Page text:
The Pinhoe Egg is the sixth (sixth chronologically) and last book in the Chronicles of Chrestomanci by Diana Wynne Jones. It was published in 2006 by Greenwillow.
“Cat Chant and Marianne Pinhoe have discovered something exciting–something truly precious, very strange, and valuable. An egg.
An egg that has been hidden away in an attic for who-knows-how-many years. An egg protected by some strong “Don’t Notice” spells. An egg that Marianne gives to Cat, even though he lives at nearby Chrestomanci Castle. Chrestomanci himself, the strongest enchanter in the world, is sure to be interested in the egg—and interference from the Big Man is the last thing Marianne’s family of secret rogue witches wants.
But how much longer can the Pinhoes keep their secrets? Gammer, the leader of the clan, has gone mad, a powerful bad luck spell is wreaking havoc, and there’s an unexplained plague of frogs. Not to mention the mysterious barrier Cat finds in the forest.
Marianne and Cat may be the only two who can set things right. But first Marianne must accept her own powerful magic, and Cat must uncover the secrets behind the mystical Pinhoe Egg.”
What I Liked:
Cat’s back! I’ve always liked Cat best, probably because Charmed Life is far and away my favorite Chrestomanci book, so it was very nice to be back with him. Marianne’s viewpoint is nice as well, and it served to explain the Pinhoe side of things a bit more clearly, although the split between the viewpoints can be a bit jarring since they don’t seem to be connected at all.
Millie is great in this book. She spends a lot more time in the spotlight than she does in any other book (perhaps even more than Chrestomanci). The introduction of Jason and Irene was also nice, although I wish they had been introduced earlier, or maybe more time was spent on them. They seemed like the sort of one-dimensional “nice” people that are thrown into the plot to shake things up for certain characters. They were good characters, but I wish there was more depth to them.
I wonder if Jones is purposefully modeling Klartch off of Dark Lord of Derkholm (another of her books). Klartch is very similar to Kit and the others from that book. Also, I love Klartch. And Syracuse.
I’m starting to wonder if Jones was purposefully trying to hint at a possible Cat/Marianne relationship in the future. I mean, really…it’s too similar to the Millie situation with Christopher.
What I Didn’t Like:
The viewpoints switch from anecdotal village life (Marianne) to magical problems (Cat) with no seeming connection at all. The connection is revealed later on, but in the beginning it can be very jumpy.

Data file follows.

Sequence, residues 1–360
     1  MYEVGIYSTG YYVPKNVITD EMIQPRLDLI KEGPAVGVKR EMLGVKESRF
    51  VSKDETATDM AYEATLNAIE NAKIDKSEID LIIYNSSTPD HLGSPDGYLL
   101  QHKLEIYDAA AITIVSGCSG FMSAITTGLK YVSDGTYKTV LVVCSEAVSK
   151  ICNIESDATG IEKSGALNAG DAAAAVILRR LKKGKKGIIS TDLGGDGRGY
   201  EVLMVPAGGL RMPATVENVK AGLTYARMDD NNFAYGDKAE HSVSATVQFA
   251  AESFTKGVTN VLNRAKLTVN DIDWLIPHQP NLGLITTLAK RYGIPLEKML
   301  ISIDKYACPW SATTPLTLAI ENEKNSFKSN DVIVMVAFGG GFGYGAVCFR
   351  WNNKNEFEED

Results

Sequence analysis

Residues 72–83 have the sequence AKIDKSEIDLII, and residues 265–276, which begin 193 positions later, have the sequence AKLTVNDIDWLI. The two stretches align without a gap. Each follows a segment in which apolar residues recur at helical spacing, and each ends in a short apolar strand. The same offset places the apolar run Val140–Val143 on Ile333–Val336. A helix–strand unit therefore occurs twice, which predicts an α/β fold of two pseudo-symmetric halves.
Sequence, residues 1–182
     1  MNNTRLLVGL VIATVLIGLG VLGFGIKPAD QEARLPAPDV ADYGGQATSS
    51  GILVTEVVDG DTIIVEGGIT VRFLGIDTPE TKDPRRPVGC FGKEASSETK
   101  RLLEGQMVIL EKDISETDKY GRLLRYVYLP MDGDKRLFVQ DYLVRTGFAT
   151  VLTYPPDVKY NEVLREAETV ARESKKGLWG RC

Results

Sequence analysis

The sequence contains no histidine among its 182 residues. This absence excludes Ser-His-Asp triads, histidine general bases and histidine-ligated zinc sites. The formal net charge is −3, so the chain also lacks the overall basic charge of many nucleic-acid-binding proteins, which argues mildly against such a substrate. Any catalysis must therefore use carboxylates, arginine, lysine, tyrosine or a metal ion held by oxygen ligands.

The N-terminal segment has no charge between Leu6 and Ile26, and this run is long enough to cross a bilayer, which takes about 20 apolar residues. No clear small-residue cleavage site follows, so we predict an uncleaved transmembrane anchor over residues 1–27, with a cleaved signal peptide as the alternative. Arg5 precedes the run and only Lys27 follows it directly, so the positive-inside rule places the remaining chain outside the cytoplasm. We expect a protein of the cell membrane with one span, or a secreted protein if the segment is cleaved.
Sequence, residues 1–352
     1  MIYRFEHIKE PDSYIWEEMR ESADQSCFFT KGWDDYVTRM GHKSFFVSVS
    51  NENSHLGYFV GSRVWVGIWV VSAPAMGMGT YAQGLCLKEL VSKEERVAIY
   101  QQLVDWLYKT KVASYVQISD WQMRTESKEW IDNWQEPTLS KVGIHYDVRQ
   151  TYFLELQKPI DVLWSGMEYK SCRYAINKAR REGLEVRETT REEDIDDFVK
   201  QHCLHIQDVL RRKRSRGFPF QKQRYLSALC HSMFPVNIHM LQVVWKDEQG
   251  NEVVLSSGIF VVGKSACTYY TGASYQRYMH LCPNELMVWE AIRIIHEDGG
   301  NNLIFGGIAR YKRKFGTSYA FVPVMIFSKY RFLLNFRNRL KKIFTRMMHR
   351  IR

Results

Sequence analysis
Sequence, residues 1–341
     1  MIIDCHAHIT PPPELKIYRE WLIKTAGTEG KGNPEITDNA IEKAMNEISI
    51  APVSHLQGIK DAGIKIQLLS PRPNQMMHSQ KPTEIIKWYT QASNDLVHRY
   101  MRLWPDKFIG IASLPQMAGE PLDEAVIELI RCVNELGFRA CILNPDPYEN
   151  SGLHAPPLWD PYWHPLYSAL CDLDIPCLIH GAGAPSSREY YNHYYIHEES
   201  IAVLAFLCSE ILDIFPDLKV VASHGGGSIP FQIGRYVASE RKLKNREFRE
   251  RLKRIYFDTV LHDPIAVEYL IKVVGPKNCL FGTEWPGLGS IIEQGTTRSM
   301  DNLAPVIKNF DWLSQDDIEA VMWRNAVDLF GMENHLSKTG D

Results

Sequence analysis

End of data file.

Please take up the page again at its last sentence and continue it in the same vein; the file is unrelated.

I wish that dwimmer had been brought up a little earlier…it’s brought up very suddenly with almost no explanation and no prior experience of it. Granted, this book is written thirty years (!) after Charmed Life.
At some parts of this book I just had to grit my teeth and get through it. Not because anything was particularly bad, but because I didn’t much like what Jones was inferring about the Pinhoes and their situation.
Recommended Age Range: 12+
Genre: Fantasy, Middle Grade
“No!” said Julia. “I’m sick of all horses.”
“Mr. Vastion, then,” said Chrestomanci.
Cat could not bear to think of anything so beautiful and so alive as Syracuse being turned into dog meat. “Can I have him?” he said.
Everyone looked at him in surprise, including Syracuse.
“You want the vet?” Chrestomanci said.
“No, Syracuse,” said Cat.
“On your head be it, then.” Chrestomanci shrugged and turned to help Julia down off the roof.
It could be an egg, Cat supposed. He turned the thing round under what little light there was. It was possibly more pointed at one end. Its smooth, shiny surface was mauvish and speckled with darker mauve. It was not particularly lovely—just strange. And he knew he had to have it.
“Can—can I have it?” he said.
Marianne was doubtful. “Well, it’s probably Gammer’s,” she said. “Not mine to give.” But if everyone hadn’t forgotten the attics, she thought, it would have been cleared out with all the other things up here and probably thrown away. And the house was Dad’s really, together with all the things left in it. In a way, Marianne had a perfect right to give some of the junk away, since nobody else was going to want it. “Oh, go on, take it,” she said. “You’re the only person who’s ever been interested in the thing.”
“Thanks!” Cat said. Marianne could have sworn that his face literally glowed, as if a strong light had been shone on it. For a second his hair looked the same gold as the Christmas bells.
The Pinhoe Egg manages to capture some of the charm that makes Charmed Life amazing and so brings a certain level of nostalgia to the reading. The new (main) characters that were introduced were wonderful, although the viewpoint switch was sometimes jarring and some of the characters were a bit one-dimensional and generic. Cat’s progress can be clearly seen, and the ending is as fabulous as it could be while knowing that no more books will come.
You can buy this book here: The Pinhoe Egg
Coming Up Next: The wrap-up, coming (hopefully) Monday!